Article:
This use of glyphosate in weed control not only proved to be a great economical benefit but also “improved the safety of farmers and weed control operators.” Glyphosate allows farmers to plant crops relatively quickly and can also limit operational use of heavy machines. In fact, accidents involved with the use of heavy machinery have a prevalent cause of severe injury in agriculture. Glyphosate herbicides have greatly reduced the operation of many of the heavy machines and thus decreased the total number of accidents in the field.[4]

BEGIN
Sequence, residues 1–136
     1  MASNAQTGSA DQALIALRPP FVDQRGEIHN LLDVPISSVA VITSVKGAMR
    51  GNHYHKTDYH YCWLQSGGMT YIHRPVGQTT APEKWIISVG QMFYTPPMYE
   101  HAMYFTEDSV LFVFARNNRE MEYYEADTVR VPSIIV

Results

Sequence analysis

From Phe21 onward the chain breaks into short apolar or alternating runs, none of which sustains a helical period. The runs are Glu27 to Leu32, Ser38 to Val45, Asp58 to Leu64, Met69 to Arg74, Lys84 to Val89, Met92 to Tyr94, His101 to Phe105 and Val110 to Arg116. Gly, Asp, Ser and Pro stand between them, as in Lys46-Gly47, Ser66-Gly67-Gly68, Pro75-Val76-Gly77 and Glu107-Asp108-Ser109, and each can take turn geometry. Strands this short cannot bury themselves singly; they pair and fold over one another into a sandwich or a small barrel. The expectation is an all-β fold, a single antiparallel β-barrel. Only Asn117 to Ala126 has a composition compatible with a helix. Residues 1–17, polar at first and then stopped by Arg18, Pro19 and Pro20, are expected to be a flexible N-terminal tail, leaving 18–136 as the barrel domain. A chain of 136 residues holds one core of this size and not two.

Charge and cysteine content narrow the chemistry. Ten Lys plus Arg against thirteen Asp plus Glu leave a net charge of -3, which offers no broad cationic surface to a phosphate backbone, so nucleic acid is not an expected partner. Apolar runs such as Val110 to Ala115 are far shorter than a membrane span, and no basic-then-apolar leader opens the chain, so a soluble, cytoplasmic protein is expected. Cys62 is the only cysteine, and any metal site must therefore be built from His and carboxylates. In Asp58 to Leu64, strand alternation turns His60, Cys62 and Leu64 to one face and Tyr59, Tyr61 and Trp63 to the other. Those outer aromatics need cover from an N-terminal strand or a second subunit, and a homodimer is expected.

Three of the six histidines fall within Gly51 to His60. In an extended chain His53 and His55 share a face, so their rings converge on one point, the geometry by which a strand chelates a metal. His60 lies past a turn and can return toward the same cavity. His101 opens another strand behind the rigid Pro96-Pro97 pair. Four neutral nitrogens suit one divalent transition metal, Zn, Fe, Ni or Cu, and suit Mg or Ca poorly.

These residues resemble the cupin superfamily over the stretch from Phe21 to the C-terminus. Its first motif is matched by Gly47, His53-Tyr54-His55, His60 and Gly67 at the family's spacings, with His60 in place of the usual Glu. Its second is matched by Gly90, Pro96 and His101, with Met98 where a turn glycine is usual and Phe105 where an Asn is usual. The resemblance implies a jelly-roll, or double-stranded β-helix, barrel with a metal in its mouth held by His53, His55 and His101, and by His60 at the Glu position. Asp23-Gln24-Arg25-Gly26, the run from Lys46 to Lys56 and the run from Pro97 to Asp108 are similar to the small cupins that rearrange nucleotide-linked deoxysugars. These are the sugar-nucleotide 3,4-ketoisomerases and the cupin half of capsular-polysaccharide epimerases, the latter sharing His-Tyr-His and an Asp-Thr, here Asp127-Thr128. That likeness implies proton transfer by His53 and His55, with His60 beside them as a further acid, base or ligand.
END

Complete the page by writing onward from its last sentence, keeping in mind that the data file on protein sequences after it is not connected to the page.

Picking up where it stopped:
Despite the many benefits of Glyphosate regarding yield and weed control, there are also various number of negative consequences that comes with the use of glyphosate. One of the major downsides is the toxicity involved with glyphosate. Many herbicide products used containing glyphosate also carry what is known, as surfactants are compounds that lower the tension between two liquids. As noted by data in New Zealand identified Roundup to contain 18% Surfactant which allows the glyphosate chemical to penetrate the surface of the plant. With different chemicals mixed in with glyphosate, there are some adverse effects if one is exposed.[5] There are many studies that show that even minute exposure can cause some adverse effects. For instance, farmers that touched their eyes after using glyphosate experienced irritation in the eye[6]. Inhalation of glyphosate can cause different oral problems, such as irritation to the throat. Exposure of glyphosate to the skin can also cause eczema in the specific exposed area. Negative consequences of glyphosate have also been detected on animals that have been tested to see for adverse effects. Tests on rats revealed that inhalation of products containing glyphosate caused reduced respiratory ability and weight loss.[7] Long-term effects also showed development of tumors in the liver and thyroid and the pancreas. A study on rats done in 2010 found that when rats, prior to going through puberty were given Roundup (transorb) once everyday for 30 days showed that they had a decreased amount of testosterone production.[8]